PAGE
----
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Where should we go for our family photos?

Where should we go for our family photos? 2560 1709 Bryan Macaulay

I get that question a lot. Here are my top five spots in the Grimsby area and why I like them.

  1. Puddicombe Farms… I go here during every season and what I love about Puddicombe’s is the variety that I can give you without walking all over. I can photograph you and a friend at the same place and not have your photos look like your buddy’s.
  2. Grimsby Pump house…This a great one of Grimsby’s parks. There is a natural wooded area beside the 40 mile creek that is beautiful.
  3. 50 Point…This also a great place….they do charge to get in but it is very nice. A bit more walking and not as much variety as some other places but still one of my favorites.
  4. Balls Falls…There are a lot of great spots here, more walking but very rustic buildings…nice wooded areas and many times of the year a nice little water falls. Again they do have a fee to get out.
  5. Vineland Experimental farm (University of Guelph)…this is a great place, I have photographed many weddings and families here over the years. Not as much walking as Balls Falls.

Rock Star Photographer in my Studio!

Rock Star Photographer in my Studio! 1097 732 villagestudio6721

Rock Star Photographer in my Studio!

A short time ago, I got a photo call asking to rent my studio. I don’t do that…so I started to explain that to the lady. After a few minutes of conversation…I really felt that I should help out. It turns out the Ottawa photographer was John Rowlands…a famous Rock & Roll photographer who had photographed: the Beatles, the Rolling Stones, Jimmy Hendrix……the list goes on and on.

I was able to assist with the session in my studio….a real treat for me. This is truly a guy that has been there while it was happening.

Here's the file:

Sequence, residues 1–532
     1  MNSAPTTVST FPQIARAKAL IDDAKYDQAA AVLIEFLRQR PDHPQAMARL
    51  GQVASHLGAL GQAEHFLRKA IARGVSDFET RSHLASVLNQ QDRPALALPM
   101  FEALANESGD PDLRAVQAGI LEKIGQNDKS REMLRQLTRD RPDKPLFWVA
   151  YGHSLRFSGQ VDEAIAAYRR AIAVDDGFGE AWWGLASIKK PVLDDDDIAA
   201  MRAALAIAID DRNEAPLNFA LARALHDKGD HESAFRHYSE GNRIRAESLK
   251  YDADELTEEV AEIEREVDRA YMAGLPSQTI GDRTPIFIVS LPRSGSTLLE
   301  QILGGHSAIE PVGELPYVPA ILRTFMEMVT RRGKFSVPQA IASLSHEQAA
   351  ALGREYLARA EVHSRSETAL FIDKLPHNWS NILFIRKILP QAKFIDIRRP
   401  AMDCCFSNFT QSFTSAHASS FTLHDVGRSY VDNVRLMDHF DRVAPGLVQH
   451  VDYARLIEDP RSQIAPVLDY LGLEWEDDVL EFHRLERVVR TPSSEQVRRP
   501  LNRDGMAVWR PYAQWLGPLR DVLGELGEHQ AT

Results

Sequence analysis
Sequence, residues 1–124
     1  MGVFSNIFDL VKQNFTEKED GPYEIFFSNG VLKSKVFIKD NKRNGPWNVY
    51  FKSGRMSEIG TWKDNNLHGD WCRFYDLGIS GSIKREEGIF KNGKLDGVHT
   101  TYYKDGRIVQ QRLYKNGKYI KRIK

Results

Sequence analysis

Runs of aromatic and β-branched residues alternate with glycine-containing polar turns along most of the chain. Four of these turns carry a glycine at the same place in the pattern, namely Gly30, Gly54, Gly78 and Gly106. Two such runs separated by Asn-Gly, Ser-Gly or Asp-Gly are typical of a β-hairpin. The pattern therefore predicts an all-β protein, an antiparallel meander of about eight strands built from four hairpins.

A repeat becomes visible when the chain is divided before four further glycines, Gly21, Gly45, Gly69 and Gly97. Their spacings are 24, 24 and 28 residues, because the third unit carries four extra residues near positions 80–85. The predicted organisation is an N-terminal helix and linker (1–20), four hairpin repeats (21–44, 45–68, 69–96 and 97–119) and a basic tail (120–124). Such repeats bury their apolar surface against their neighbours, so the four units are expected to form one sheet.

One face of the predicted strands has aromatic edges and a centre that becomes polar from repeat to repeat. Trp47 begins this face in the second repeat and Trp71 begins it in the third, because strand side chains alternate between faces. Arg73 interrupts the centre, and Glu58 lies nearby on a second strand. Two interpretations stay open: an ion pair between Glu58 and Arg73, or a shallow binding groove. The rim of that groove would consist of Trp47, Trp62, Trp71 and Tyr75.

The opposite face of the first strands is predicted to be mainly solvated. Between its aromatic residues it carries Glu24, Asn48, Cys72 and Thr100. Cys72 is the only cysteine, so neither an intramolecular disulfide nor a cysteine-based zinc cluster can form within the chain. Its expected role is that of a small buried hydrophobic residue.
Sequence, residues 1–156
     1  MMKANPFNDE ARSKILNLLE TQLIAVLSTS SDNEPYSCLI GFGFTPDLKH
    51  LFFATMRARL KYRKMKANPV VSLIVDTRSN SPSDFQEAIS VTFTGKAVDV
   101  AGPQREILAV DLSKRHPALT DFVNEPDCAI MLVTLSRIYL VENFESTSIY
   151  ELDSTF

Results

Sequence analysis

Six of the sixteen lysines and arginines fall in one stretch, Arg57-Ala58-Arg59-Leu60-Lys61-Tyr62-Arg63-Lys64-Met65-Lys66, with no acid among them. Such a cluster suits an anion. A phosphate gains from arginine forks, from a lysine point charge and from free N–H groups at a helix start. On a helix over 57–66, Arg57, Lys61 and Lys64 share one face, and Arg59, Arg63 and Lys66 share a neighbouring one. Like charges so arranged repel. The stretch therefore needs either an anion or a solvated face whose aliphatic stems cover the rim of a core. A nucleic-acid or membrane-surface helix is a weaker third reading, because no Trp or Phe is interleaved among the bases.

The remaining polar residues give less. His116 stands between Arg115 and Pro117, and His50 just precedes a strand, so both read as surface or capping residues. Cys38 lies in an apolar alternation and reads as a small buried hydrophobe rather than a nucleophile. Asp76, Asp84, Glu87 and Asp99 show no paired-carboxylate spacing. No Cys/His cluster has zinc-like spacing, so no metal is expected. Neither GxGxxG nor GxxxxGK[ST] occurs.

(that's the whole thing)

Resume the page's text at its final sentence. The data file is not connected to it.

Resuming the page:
John & I posing for a quick photo! Enjoy!

How to take better video

How to take better video 1600 1067 villagestudio6721

How to take better video

Everyone starts somewhere and starting off on the right foot when you’re a total beginner is easier than you may think. When you’re first starting out, it’s the basic foundational things that can make the biggest difference.

I know that at the very beginning, when I was experimenting with photography, I generally had no idea what I was doing and was stumbling through things with a trial and error style. Were you in the same boat?

I think there are three different qualities to doing video or an online meeting. Using the camera built into your laptop or tablet can work well. Here are a few useful tips…

  1. First of all…with all video and still photography…watch your background, what I mean is to be sure that things are not “growing” out of your head…be sure that the angle of the shot is flattering or at least you are in frame and not shooting into a window that is too bright or the ceiling.
  2. Second, be sure that the exposure is correct….I have seen, in zoom meetings, people set up in front of a bright window and you cannot see their face….an easy fix is to turn around and have the window light your face.
  3. Third, lighting….easiest is natural light…soft window light is beautiful. Be sure that your face is lit well by the window without harsh shadows.